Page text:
When dealing with a hard money lender the cost to you can add up quickly. The interest alone for this deal is going to cost you $6m825 plus the points is already $3,640 for a six month loan. You may find a hard money lender that is will to lower the charges on interest and points, of course these are going to want you to share the profits evenly with them.

Personally, I never use a hard money loan, but the options are there for those who have no other options.

How do you locate hard money lenders?

Hard money lenders are out there, many of them will only do business in certain states, while others may do business across the nation. Begin by searching on the internet for a hard money lender in the same state you live in, using any of the search engines. Here is a few hard money lenders in case you would like to talk with more than one: Located in Phoenix, AZ is the Brad Loans, and there are the Private Money VS. Hard Money for Investment Properties.

What is Private Money VS. Hard Money for Invest properties?

Private money is when you are getting the money from someone, not from a mortgage co. Or a bank, or any other type of lender but from a person. Sometimes a regular person will loan the money needed for real estate property, especially right now, with interest rates as low as they are. Right now the average interest rate on a CD is under one percent. No one can keep up with the ongoing inflation with the interest so low. While the wealthy is now looking for higher yield investments while they are still secure others are buying up properties. By loaning out to investors could be the perfect thing for them at this time, increasing their investment returns and helping investors out, this is called Private Money Loans.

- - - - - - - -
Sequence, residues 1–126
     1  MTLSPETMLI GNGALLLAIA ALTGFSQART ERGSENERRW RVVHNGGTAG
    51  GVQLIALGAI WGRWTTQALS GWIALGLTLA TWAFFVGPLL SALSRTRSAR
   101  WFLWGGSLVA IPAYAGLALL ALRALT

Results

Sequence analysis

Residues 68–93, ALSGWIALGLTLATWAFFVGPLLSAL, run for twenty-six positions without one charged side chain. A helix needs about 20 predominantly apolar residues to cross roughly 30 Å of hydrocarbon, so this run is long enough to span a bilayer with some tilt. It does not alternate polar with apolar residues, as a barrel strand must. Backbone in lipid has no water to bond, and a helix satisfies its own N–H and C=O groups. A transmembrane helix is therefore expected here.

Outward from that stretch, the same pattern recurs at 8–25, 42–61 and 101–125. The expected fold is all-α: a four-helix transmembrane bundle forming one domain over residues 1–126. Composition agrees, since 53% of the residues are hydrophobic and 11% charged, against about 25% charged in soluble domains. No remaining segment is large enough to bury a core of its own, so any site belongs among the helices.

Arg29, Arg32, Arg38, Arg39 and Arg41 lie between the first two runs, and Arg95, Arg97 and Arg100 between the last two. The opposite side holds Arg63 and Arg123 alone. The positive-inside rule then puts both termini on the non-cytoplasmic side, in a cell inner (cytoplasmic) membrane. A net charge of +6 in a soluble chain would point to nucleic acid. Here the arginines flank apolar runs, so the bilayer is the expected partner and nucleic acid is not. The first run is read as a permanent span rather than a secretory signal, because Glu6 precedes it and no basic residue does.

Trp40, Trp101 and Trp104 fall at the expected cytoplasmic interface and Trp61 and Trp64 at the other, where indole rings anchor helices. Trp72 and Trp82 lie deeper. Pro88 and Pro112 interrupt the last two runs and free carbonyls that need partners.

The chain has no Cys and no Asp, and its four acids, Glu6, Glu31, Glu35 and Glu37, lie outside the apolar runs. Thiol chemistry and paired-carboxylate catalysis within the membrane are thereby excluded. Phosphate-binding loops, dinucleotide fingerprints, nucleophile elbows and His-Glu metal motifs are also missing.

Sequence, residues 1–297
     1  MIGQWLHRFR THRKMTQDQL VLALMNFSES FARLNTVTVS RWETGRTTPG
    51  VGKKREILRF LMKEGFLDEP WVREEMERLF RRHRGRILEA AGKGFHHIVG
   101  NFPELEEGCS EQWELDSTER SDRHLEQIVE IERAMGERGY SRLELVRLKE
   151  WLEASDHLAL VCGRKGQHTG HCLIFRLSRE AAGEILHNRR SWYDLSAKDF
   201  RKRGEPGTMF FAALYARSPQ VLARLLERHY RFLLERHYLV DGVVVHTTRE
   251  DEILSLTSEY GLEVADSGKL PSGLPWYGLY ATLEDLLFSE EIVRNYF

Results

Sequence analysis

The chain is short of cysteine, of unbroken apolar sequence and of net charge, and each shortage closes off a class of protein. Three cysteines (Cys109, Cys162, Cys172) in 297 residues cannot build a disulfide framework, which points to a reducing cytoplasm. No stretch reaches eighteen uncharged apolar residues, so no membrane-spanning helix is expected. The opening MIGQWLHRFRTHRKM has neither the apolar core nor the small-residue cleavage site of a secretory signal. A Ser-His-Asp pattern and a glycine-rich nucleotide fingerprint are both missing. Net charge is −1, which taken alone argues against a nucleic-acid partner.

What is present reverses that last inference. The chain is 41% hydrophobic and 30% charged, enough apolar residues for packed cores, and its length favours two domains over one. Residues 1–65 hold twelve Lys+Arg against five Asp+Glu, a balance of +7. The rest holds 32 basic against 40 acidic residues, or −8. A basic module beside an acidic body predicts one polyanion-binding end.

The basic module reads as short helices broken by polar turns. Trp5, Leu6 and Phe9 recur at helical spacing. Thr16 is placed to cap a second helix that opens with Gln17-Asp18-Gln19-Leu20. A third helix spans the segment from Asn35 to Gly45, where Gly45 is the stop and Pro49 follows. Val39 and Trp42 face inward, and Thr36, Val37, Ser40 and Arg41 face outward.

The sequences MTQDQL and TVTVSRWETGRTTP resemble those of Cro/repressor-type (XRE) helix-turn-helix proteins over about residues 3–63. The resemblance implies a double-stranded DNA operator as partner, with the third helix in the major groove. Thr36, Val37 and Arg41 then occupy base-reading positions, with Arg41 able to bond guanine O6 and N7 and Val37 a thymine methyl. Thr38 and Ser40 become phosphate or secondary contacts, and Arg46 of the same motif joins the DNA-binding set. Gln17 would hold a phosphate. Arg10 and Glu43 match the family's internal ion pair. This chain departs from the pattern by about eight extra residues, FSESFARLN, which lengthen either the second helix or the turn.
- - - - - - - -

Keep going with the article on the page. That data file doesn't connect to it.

How would you go about locating Private Money investors?

The hardest issue with private money is locating someone that will loan you the money. If you go online you can find many websites that say that are private lenders and that you can borrow money for a fee. From personal experience, this is not the way to go about it as you don’t never know if they are just going to take your money and give you the name of hard money lender or what. Private money lenders are more cautious than that and they only want to do business with people they know they can trust.